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Quality Tires

Hello everyone. Its getting around that time where my old tires are really worn out, and I need to get new ones. However, I know very little about tire brands and whats good and whats not, and I don’t even know where to begin for a good reputable resource to find out whats what. I drive an '02 Accord, and I want good quality tires that’ll be good year round (winter & Summer), good comfortable/quiet ride, but is efficient in the sense of safety (water wicking and traction), and they can handle these situations at low speeds as well as highway travel. I’m completely in the dark about what kind of tires to purchase. It seems like there are a million brands out there, and each location that installs them has their own unique brands (Pep Boys, for example). Where do I start, or better yet, does anyone has any suggestions?



I use Tirerack’s website ( - they have tons of tires and for each tire tons of reviews. For many tires there are also test results.

You can just go plug your car in and it will show you all OEM size tires. You can also just say to show the best sellers. Then start reading reviews.

The last set of tires I bought were Kumho Solus KR21s that I run on a Ford Escort, and I used Tirerack’s reviews to decide on them. They’re the best tires I ever bought - quiet, never a hint of traction problems, wearing very well, not very expensive. (I also don’t buy the top of the line. I just search for reasonable middle-range price/quality.)

Thank you very much. I’ve got a lot of homework to do before I make a purchase!

I bought a set of Yokohama AVID Touring-S tires for my wife’s 06 Sienna from Tire Rack. The tires are quiet, ride nice, and have decent rain and snow traction. The prices are reasonable too. My mechanic charged about $70 for valve stems, mounting and balancing. Don’t forgot to add that to the price of the tires.

Ed B.

Hey Ed B. - oddly enough I was just looking at those tires for my Silhouette. Good price. Good reviews. How many miles did you get onto them so far? Some tires start out great but then go downhill fast.

I’ve been pleased with my Toyo tires so far.

Here another vote for Yokohama Avids, I have a set of Avid H4s tires, like them so far, consistent with the positive reviews I saw at I bought them at a local Discount Tire. Sams and Costco also have good tires at good prices.

I don’t drive the Sienna much (unless it need gas) but the missus is happy with them so far. She has put about 5k on the tires and they seem to be holding up. Time will tell.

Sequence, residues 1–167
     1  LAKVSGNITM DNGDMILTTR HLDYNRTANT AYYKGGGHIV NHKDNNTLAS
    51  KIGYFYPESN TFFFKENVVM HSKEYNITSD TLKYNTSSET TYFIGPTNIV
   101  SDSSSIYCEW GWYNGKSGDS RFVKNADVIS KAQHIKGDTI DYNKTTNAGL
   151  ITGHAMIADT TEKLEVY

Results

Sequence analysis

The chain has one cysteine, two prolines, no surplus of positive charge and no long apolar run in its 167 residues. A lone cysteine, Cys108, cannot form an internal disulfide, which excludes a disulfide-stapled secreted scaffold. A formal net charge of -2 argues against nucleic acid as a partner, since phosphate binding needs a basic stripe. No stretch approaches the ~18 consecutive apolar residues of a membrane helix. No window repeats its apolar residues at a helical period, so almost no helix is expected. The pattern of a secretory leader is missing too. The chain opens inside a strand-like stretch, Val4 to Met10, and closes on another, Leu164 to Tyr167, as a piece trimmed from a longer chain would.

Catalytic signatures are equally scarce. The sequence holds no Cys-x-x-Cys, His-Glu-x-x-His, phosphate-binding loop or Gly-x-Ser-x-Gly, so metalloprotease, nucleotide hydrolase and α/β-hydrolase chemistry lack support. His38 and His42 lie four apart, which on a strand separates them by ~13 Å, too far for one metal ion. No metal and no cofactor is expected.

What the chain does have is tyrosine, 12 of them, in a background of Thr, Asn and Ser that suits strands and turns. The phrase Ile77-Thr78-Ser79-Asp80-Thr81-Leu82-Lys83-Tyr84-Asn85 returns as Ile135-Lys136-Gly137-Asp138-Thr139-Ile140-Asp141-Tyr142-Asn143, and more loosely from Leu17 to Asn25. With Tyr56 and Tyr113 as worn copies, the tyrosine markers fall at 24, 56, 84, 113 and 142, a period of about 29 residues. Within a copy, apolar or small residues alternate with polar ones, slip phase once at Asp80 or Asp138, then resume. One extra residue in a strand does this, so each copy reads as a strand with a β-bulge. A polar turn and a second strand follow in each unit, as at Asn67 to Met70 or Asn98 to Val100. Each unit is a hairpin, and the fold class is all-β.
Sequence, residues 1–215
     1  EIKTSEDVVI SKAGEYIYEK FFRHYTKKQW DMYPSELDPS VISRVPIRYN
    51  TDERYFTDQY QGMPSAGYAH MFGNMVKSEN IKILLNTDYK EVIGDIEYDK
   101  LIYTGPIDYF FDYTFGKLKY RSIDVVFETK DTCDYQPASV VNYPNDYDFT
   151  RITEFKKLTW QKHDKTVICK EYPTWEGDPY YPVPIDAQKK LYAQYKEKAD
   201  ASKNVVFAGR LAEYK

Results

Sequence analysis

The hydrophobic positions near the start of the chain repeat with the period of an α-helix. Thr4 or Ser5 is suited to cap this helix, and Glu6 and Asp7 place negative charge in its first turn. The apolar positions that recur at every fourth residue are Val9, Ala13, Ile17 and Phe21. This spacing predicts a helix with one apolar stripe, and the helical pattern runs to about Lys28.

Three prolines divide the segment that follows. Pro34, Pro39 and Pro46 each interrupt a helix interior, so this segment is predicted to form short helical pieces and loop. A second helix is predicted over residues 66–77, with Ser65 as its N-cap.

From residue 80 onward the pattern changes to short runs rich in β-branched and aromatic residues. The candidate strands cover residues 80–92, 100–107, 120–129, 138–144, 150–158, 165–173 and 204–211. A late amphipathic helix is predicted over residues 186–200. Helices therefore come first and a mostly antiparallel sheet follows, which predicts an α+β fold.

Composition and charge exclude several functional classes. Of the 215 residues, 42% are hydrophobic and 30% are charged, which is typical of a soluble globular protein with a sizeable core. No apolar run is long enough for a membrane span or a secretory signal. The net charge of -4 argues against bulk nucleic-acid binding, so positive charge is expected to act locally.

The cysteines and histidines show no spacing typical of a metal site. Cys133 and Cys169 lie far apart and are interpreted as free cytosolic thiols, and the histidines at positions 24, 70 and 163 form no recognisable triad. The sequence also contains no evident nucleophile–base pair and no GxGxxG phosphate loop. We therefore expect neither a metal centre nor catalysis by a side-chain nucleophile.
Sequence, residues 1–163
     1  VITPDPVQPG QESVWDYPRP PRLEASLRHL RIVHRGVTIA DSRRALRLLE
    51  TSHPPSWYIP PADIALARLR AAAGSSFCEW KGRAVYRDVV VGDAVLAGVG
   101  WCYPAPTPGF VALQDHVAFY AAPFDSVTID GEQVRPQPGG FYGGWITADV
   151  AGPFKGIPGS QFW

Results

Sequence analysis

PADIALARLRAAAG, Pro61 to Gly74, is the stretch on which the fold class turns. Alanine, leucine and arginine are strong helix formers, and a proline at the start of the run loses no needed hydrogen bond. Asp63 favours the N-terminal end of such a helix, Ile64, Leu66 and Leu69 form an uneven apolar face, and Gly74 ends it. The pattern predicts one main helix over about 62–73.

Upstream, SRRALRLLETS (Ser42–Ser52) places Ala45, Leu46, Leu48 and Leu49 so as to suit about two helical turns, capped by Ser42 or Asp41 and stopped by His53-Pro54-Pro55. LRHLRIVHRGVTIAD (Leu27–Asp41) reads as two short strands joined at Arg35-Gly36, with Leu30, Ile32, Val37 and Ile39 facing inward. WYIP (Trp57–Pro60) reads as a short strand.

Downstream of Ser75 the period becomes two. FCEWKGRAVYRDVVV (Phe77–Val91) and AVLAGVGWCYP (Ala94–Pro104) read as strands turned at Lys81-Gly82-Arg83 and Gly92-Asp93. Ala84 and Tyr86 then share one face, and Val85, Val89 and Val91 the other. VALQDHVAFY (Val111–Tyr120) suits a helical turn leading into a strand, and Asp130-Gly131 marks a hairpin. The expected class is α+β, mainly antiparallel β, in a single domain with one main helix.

Ed B.

Tires are pretty much a commodity type product. If you liked what you had, get those again or any familiar brand name with an identical traction, treadwear and heat resistance rating on the sidewall. If you want a low price, buy what you will. If you favor US employment, make sure that the sidewall says Made in USA. If you want low rolling resistance for better gas mileage, there are a few tires dedicated to that too now.

Any good tire salesman will more likely sell you what he has in stock and will find something nice to tell you about that particular choice.

When is the last time you heard someone complain about their tire choice? Never happened for me. I buy tires at a local farm supply store; have not been choosy about anything except the price (must be tending low) and treadwear (must be tending high).

Buy locally or from a place like WM or Sears so you have easy recourse if there is a problem.

“Buy locally or from a place like WM or Sears”

This is a good point. I failed to mention that I use Tirerack’s website but I don’t buy tires from them. I just use them to know what I want. Then I ask my shop to get them. The shop is a local independent alignment/tire place. I think of that as local - rather than WM or Sears, btw.

I put the Avids on my Buick Regal and they were a big improvement over the older tires. They were attractively priced, too.

I have a set of these on my Civic and am happy with them

edit: my mom has a set of these on her car and is happy with them

Also look at Consumer Reports, Nov 09, if you want to match particular tire qualities (wet traction, snow traction, etc) to your vehicle or region.